Posted 04.17.2018 | by AMRA
Previous learning sometimes interferes with our ability to learn new things. For example, when we memorize one poem and then another, we may mistakenly include words from the first poem when reciting the second. This problem is called proactive interference (PI). People may be able to reduce PI by focusing on the present while screening out competing thoughts and memories—in other words, by mindfulness.
Previous research suggests that reduced PI depends on activation of a brain structure known as the hippocampus. The hippocampus plays an important role in learning and memory, and helps us distinguish old learning from new. Prior research shows that mindfulness training can increase the size of the hippocampus. Greenberg et al. [Brain Imaging and Behavior] investigated whether mindfulness training reduces PI, and whether that reduction is associated with increases in hippocampal size.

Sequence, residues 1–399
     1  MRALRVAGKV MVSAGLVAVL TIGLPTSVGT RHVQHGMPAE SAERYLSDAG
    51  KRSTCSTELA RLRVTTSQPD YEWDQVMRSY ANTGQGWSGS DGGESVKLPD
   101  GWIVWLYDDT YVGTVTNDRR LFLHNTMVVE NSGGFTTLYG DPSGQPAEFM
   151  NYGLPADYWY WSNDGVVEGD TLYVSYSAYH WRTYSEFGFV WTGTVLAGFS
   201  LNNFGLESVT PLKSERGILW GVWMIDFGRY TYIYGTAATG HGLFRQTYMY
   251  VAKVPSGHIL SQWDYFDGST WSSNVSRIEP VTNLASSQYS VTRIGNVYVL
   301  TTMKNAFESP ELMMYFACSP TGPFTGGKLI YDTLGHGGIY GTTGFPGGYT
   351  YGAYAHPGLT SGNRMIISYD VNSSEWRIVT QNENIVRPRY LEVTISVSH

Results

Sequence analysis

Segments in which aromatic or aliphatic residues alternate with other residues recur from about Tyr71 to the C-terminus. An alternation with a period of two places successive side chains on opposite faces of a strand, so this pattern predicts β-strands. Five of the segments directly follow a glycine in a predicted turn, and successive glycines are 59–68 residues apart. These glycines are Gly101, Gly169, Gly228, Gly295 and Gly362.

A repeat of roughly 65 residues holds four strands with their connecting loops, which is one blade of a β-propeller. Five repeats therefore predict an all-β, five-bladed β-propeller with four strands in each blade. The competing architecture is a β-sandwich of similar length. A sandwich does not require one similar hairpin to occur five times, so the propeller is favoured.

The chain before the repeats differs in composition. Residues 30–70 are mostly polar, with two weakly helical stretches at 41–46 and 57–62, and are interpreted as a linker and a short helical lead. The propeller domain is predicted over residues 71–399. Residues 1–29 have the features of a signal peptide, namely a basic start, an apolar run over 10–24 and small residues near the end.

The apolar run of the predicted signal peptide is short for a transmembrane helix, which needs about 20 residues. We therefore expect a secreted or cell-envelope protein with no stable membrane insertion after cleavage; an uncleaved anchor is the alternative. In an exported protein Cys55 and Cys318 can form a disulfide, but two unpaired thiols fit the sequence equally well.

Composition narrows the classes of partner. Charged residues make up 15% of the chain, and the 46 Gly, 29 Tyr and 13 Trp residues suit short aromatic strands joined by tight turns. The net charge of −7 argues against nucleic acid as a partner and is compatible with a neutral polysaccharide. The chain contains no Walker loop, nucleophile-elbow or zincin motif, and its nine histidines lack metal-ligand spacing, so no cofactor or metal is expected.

The researchers randomly assigned 79 participants (70% female; average age = 27 years; 65% Caucasian) to a 4-week mindfulness-training program or a 4-week creative writing program. Of those, 67 participants were scanned using magnetic resonance imaging (MRI) before and after training to assess hippocampal volume.
Both the mindfulness and creative writing programs were offered in four 1-hour group sessions using a web-based technology that enabled participants to see and communicate with instructors and fellow participants. The mindfulness program offered training in focused-attention and open monitoring meditation. Participants were asked to practice learned mindfulness skills on their own for 30 minutes five times a week. The creative writing participants wrote short essays in response to photos or texts, and were asked to write on their own for 30 minutes five times a week.
PI was assessed before and after training by […]